Basic problem is an L-90 engine is a sub optimal choice UNLESS you wanted to turn it transversely Guzzi style. Essential problem is the weight bias of the rear cyl to the rear tire. Ducati needs wings to save the engine design or go to an inline transverse 2,3,4 cylinder engine if wings ruled out of order. Larger wings would actually be very interesting though drag is a kind of weigh in acceleration terms but you could move the engine back for traction or limit rear wheel horsepower. For reasons of Physics a bicycle with giant engine in it is a really poor unsafe idea. Two front wheels absolutely worth trying.

    • xLaYN says:

      Nice comment.
      Why would you say for example Honda has been remarkably better using the same engine configuration?

      • Neil says:

        Exactly. Honda is doing it. But Marquez is Stoneresque. He is a genie in the corners, and, we saw him crash a lot too trying to stuff it through the corners. VFR guys were famously saying that bike was hard to turn in the 90’s. Fogerty won on it but he liked the Duc twin better in the end.

      • Norm G. says:

        Q: Why would you say Honda has been remarkably better using the same engine configuration?

        BETTER Q: why would you say DUCATI has won 28 titles using 16 different riders across 3 championships using this overly long, “sub optimal” 90L configuration all the while running the additional so called “disadvantages” of an inconsistent trellis mated to an SSS-arm…?

        how DOOOO they do it…?

        • PatrickD says:

          A 33% capacity advantage had alot to do with a high proportion of those titles.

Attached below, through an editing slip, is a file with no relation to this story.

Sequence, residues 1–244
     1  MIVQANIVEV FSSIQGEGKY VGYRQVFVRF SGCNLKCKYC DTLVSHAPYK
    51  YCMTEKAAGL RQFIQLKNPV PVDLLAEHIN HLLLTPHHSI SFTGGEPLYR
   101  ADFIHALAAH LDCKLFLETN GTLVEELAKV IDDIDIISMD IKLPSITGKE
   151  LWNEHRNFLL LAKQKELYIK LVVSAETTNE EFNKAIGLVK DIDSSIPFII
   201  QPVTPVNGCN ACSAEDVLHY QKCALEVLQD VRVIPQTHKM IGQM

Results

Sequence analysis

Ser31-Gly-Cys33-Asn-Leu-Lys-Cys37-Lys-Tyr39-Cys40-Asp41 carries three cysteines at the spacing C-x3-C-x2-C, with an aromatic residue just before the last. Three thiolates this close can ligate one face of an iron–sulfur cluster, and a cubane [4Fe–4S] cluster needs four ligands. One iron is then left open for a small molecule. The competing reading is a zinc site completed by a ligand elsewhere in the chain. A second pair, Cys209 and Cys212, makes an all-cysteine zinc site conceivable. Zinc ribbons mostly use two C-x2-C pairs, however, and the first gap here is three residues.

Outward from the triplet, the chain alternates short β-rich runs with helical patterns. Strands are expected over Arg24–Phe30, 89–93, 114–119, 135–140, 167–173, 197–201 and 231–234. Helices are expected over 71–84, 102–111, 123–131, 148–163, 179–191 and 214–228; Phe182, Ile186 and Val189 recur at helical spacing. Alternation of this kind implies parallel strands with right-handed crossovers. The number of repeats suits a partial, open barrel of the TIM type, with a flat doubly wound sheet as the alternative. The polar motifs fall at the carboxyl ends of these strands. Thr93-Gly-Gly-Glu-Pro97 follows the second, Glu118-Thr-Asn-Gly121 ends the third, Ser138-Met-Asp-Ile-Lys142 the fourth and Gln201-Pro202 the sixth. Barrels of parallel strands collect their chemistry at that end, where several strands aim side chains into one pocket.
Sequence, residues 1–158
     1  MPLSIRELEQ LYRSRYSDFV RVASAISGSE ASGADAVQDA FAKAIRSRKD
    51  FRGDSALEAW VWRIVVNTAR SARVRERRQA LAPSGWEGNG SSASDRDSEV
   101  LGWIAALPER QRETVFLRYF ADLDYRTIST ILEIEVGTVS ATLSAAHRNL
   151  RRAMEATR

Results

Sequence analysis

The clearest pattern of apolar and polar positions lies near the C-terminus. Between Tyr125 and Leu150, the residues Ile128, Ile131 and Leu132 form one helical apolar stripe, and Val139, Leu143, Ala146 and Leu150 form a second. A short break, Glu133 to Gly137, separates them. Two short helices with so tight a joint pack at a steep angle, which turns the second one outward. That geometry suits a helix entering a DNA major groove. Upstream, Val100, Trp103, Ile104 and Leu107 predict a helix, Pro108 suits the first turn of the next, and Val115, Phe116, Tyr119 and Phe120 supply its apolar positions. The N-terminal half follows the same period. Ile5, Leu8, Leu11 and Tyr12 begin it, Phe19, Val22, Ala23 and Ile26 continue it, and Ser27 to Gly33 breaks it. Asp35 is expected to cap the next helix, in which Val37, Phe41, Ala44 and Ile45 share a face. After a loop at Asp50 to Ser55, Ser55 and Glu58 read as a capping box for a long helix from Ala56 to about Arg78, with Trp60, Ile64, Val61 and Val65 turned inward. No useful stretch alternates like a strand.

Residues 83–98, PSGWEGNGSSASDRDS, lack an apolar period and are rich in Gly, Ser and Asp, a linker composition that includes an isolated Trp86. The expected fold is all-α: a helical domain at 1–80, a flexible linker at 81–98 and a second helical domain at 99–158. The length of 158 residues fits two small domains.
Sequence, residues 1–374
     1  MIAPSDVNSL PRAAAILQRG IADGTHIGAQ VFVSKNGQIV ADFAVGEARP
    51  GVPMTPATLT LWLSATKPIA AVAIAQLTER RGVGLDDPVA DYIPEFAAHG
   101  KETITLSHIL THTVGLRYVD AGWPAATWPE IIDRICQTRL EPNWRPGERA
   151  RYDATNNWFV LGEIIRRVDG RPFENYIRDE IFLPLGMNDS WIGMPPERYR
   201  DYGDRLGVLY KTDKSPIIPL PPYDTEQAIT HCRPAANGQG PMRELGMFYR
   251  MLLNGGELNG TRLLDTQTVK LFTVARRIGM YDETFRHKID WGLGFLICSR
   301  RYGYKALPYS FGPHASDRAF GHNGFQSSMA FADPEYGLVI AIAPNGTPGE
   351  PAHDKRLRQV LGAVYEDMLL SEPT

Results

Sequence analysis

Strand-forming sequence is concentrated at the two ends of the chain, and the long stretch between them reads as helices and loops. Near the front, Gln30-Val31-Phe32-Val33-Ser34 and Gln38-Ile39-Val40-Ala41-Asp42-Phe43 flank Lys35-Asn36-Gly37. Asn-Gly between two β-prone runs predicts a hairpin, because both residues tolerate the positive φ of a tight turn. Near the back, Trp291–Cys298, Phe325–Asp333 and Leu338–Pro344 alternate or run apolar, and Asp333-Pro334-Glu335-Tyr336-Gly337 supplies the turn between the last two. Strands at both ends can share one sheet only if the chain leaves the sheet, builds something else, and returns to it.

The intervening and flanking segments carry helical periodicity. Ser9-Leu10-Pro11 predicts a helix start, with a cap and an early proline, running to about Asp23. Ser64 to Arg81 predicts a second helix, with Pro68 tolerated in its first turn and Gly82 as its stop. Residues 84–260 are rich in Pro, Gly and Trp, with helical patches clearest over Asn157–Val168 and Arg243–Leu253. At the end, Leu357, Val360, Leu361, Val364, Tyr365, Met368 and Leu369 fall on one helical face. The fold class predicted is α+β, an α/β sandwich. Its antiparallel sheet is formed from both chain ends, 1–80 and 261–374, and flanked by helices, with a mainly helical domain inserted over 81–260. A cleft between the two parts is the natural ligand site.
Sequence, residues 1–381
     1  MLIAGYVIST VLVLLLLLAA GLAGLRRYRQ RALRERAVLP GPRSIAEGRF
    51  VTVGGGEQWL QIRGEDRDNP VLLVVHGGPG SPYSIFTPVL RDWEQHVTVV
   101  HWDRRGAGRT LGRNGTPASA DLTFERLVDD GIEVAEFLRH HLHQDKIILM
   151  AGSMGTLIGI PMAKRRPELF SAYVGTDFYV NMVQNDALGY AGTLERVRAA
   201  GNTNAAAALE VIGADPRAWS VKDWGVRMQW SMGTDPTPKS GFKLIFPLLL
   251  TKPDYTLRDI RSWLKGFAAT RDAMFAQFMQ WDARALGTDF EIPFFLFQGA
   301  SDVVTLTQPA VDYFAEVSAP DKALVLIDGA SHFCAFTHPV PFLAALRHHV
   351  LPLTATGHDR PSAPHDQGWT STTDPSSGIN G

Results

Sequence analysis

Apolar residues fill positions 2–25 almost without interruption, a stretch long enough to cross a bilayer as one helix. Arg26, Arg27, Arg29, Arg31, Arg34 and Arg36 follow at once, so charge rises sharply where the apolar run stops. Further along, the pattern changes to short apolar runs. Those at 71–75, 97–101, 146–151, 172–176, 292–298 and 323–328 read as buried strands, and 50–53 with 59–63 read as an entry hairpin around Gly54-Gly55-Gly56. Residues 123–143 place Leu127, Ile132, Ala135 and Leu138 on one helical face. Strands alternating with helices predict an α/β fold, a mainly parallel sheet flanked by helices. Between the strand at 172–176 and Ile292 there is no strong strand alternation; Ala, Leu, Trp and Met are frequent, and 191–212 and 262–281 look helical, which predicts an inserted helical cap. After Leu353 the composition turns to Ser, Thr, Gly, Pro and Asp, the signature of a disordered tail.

20% isn’t cutting it these days….

          • Norm G. says:

            fish on…!!! (someone takes the bait)

            re: “A 33% capacity advantage had alot to do with a high proportion of those titles”

            Q: but wait, how can a person speak of so called “advantages” while conspicuously disregarding all the aforementioned “disadvantages” and hope to ever be seen as “clear thinking” and “rational” in the conversation…?

            A: they can’t.

            hint, if you have both advantages and DIS-advantages present within the SAME system, then said DIS-advantages invariable cancel out said advantages. the final resultant is what’s known as a “ZERO SUM GAME”.

            see what happened is, while we humans are always good for a LIE (or 3) the under-“lying” Math is NOT.

            (get it, “lie”, under-“lying”, see what I did there…?)

          • Dave says:

            When has Ducati ever had a 33% displacement advantage? (the WSBK Ducatis are currently 1198cc, not 1299).

            In 2011, Carlos Checca enjoyed a whopping 98cc advantage, as have all Ducati riders between 2005 and 2011. Bayliss dominated on a 999cc bike, against I4’s of the same displacement.

          • Norm G. says:

            re: “In 2011, Carlos Checca enjoyed a whopping 98cc advantage”

            careful, Ducati will “scam” you every time with their nomenclature. lol Chubb’s 1098R (RS11) is/was 1200cc’s, cheeky buggers.

            re: “as have all Ducati riders between 2005 and 2011”

            easy easy, ’05-’06 was still the triple-9 era. the redesign dropped for M.Y. ’07, but the R didn’t homologate till ’08. however (comma) Canepa DID race an 1100cc S model in World Superstock winning that title in it’s debut year.

            re: “Bayliss dominated on a 999cc bike, against I4’s of the same displacement”

            as did Lavilla in BSB, see Dave gets it.

    • guu says:

      “Basic problem is X is a sub optimal choice” And that is the definition of engineering for you.

  11. hh says:

    Add or subtract wings, ahh, that’s the difference between winning and off the podium. But don’t be fooled. The real secret is the paint, special paint that slips thru the wind. Or is it the chant. If a rider chants the right phrase while riding he can go faster; any sports competitor knows that. Teach JLo to say “credo che posso” and the results will follow.

    • Vrooom says:

      I always thought it was “Klatu Verata Netai”, though my spelling is probably off.

  12. Pacer says:

    Judging by the size of the wings they used, this shouldn’t be a suprise.

  13. mickey says:

    I for one can’t wait for March 26 no matter what kind of fairings they roll out